- DOJ reaches largest-ever federal government settlement over auto loan discrimination
- U.S. Navy to start giving gay couples marriage benefits in Japan
- Sen. Harry Reid goes to hospital as a precaution
- Fla.’s Trey Radel exits rehab, ‘excited’ to resume congressional role
- U.S. nuclear general boozed it up, chased ‘hot women’ in Russia: report
- 45 Calif. students at one school test positive for tuberculosis exposure
- Rob Ford on women: Give them cash ‘and they are happy’
- Ku Klux Klan group holds recruitment meeting in Maryland
- Airport assassination: Mayor, 3 others killed at Manila airport
- Tea party-type lawmakers take mysterious, off-books trip to Mideast
Latest Trevor Potter Items
Not many headlines, it seems, are inspired by the Creator these days: Just 19 percent of Americans say reporters and the news media are "friendly" toward religion.
Money pouring into the presidential election from super political action committees and nonprofit campaign groups appears so far to be strictly American in origin, donated by U.S. companies, unions and millionaires. But it's easier than ever to conceal the source of money and the identities of contributors, making conditions ripe for illegal donations from foreigners, overseas companies or governments attempting to help a favored candidate for the White House.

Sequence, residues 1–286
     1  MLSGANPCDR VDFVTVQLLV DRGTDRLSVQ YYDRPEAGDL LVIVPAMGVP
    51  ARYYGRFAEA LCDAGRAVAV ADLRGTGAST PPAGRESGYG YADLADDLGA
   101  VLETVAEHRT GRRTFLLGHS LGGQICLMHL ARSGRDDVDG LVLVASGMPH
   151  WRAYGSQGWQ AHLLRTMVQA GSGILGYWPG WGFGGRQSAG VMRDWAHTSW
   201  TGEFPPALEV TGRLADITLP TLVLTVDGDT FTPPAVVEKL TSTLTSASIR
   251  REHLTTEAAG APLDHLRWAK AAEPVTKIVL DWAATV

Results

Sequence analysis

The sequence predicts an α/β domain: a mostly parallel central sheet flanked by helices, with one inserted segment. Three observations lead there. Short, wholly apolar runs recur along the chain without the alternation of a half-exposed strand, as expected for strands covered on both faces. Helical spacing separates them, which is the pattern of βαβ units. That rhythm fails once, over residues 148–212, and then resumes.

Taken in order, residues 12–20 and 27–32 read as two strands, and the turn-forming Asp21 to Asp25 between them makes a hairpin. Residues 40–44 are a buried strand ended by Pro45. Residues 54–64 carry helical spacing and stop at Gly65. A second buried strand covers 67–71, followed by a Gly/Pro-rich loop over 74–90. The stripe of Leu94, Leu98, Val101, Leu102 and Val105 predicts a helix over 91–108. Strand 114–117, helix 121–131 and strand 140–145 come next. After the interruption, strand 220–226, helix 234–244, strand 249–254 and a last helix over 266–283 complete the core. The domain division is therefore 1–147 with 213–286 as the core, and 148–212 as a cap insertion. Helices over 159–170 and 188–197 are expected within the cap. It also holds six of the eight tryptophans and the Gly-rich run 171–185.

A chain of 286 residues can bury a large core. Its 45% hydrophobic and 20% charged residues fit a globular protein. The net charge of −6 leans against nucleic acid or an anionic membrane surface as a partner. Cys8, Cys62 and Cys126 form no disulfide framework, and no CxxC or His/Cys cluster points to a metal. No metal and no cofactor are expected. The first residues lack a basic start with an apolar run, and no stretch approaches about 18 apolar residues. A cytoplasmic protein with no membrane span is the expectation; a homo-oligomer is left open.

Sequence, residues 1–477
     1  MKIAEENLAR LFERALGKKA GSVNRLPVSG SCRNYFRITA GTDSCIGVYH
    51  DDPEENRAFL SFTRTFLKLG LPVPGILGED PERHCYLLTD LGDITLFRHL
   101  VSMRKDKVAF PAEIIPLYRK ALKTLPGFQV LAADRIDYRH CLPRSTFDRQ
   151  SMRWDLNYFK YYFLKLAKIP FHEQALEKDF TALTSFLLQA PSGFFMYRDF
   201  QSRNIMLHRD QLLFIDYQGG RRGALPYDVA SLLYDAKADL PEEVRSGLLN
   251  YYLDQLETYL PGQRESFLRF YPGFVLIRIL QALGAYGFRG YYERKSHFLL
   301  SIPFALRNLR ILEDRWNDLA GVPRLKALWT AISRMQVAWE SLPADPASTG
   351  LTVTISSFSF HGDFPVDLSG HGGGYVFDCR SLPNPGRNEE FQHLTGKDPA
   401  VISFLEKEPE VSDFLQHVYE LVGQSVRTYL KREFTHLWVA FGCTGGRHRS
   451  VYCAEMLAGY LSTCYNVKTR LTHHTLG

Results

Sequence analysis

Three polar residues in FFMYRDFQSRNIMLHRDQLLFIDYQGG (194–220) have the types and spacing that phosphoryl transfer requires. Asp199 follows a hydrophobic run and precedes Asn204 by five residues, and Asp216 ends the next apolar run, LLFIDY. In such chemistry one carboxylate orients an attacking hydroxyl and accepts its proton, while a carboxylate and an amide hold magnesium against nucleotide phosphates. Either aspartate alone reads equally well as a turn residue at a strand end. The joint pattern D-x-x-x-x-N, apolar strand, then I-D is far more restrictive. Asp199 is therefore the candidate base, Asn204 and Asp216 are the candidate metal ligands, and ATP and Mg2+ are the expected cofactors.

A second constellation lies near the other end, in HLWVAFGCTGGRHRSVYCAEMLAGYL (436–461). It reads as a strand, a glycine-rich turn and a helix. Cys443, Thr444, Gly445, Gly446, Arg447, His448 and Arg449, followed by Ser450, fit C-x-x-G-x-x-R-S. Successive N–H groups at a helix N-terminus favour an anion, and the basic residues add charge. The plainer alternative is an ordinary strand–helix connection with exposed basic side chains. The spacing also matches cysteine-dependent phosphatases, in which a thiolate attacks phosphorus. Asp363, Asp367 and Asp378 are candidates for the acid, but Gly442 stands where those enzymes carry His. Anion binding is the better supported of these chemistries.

A political action committee that wants to change how the national college football champion is crowned had little success with its first strategy, raising money to elect lawmakers friendly to its cause of establishing a playoff system. It's made itself relevant, though, with another tactic _ investigating the current bowl-game system and filing complaints about corruption and waste.
Stephen Colbert delights in lampooning politicians on his Comedy Central show, but he plans to raise some serious issues about public disclosure of corporate campaign contributions before the Federal Election Commission on Thursday.
The Federal Election Commission says comedian Stephen Colbert can use his TV show's resources to boost his political action committee. But he must publicly disclose some major expenses as in-kind contributions from the show's corporate owners.